Summary: This is a message based on the miracle of Jesus changing water into wine. It speaks to the fact that we should not be satisfied with God maximizing our capacity, but rather seek that He turn our water into wine.
On the third day there was a wedding in Cana of Galilee, and the mother of Jesus was there. 2Jesus and his disciples had also been invited to the wedding. 3When the wine gave out, the mother of Jesus said to him, “They have no wine.” 4And Jesus said to her, “Woman, what concern is that to you and to me? My hour has not yet come.” 5His mother said to the servants, “Do whatever he tells you.” 6Now standing there were six stone water jars for the Jewish rites of purification, each holding twenty or thirty gallons. 7Jesus said to them, “Fill the jars with water.” And they filled them up to the brim. 8He said to them, “Now draw some out, and take it to the chief steward.” So they took it. 9When the steward tasted the water that had become wine, and did not know where it came from (though the servants who had drawn the water knew), the steward called the bridegroom 10and said to him, “Everyone serves the good wine first, and then the inferior wine after the guests have become drunk. But you have kept the good wine until now.” 11Jesus did this, the first of his signs, in Cana of Galilee, and revealed his glory; and his disciples believed in him. (John 2:1-11)
This text describes the first sign recorded in the Gospel of John, in the effort to convince the reader that Jesus is the Anointed Son of God, and that the reader may find life in Him. Later in Christ’s ministry, and even after His ascension, it was not unusual for his immediate disciples and even the Apostle Paul to perform signs and wonders to point people to new life in Christ.
But in looking at the details of this text, I wish to suggest to you that if Christ had delegated this task to one of the 12, the outcome would have been much different. Today I am suggesting that if the disciples were accountable for managing this task, the water would have not been turned to wine because the disciples would have been happy to have the water jars filled.
My offering this suggestion is not based on a new translation, an archeological discovery or extra-biblical text. Rather, I make this suggestion based purely on a general observation of human behavior. Specifically, this suggestion is based on the fact that people, human beings, carbon-based life forms become satisfied whenever we reach maximum capacity and reach a state of fullness.
If you will reflect for a moment, you will note that for many, if not most of us, achieving a state of fullness is the ultimate end; much of our lives are focused on achieving fullness. At the risk of echoing George Carlin, please consider the following patterns of human behavior:
1. When we seek employment, we typically want a full-time job with full benefits.
2. When applying to a college, want a full scholarship with the ability to carry a full load.
3. At home, we want a full cupboard, and a full refrigerator. At mealtime, we like to eat until we are full. And when preparing to do the laundry or dishes we want a full load.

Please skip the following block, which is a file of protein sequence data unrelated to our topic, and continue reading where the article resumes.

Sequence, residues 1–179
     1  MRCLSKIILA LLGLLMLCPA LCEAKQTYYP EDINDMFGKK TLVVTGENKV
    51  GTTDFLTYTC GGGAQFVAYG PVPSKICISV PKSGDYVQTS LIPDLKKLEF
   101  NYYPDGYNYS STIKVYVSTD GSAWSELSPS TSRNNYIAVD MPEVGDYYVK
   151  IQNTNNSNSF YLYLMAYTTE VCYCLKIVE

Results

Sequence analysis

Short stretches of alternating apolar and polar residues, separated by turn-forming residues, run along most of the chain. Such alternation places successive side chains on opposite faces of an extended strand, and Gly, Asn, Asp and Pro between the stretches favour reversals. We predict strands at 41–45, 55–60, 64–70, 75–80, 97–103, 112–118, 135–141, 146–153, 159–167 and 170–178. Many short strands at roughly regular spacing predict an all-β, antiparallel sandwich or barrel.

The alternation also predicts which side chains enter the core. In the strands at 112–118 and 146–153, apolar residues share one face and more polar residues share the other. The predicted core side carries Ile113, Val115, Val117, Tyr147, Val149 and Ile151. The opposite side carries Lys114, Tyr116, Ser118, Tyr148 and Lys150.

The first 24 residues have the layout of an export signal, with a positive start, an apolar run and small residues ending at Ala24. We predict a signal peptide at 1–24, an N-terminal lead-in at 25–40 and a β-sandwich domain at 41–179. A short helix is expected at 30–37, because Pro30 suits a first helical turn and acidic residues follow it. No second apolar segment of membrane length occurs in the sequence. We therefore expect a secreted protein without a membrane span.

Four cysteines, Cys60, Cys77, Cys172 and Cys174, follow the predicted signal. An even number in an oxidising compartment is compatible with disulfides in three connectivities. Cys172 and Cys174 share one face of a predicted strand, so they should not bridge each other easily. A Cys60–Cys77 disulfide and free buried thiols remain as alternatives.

4. At a personal level, most people want a full head of hair and a full set of teeth and their vision and hearing to be full.
5. I’ve learned from my daughters that young ladies are anxious for their figures to become full. And I remember from my adolescence that young men are anxious for their facial hair to become full.
6. Young wives dream of the day when their wombs become full and in doing so, to carry the child full-term.
7. In church, the music director wants the choir loft to be full and for the choir members to sing full-throated. Bible Study teachers want the classes to be full. Pastors want the pews to be full. Deacons want the offering plates to be full and want the people full of hope joy, faith and love.
8. Regarding transportation, you want the gas tank, windshield fluid and tires to be full. If you are in the car pool lane, you need the vehicle occupancy to be full. When buying a car, you want fully-loaded options.
9. In sports, divers want to master the full-gainer, wrestlers want to master the full-Nelson and baseball managers want their bases to be full
In general we want lives that are delightful, successful, cheerful, wonderful and very fulfilling. Hence, it is on the basis of this human dynamic that I suggest that the disciples would have been satisfied to just see the water jars filled.
But in our search for a sense of fulfillment, we often miss the need for transformation. Jesus told a parable in Luke chapter 12, about a farmer whose only concern was maximizing capacity. He wanted to build bigger barns, kick back and let his soul be at rest. But in the parable, God did not affirm this man as a member of the agricultural intelligentsia; in fact, God called the farmer a fool. Why? Because: Sadly, he could not see beyond the fullness of his barns to realize that his life needed transformation; Sadly, he allowed fullness to become the reason for which he lived instead of the means by which he lived; Sadly, he spent so much time filling his barns that he never changed his life; Sadly, he was so focused on the quantity of his life that he never considered the quality of his life. In effect, in this parable, God called the farmer a fool because the man got more, but he never got better.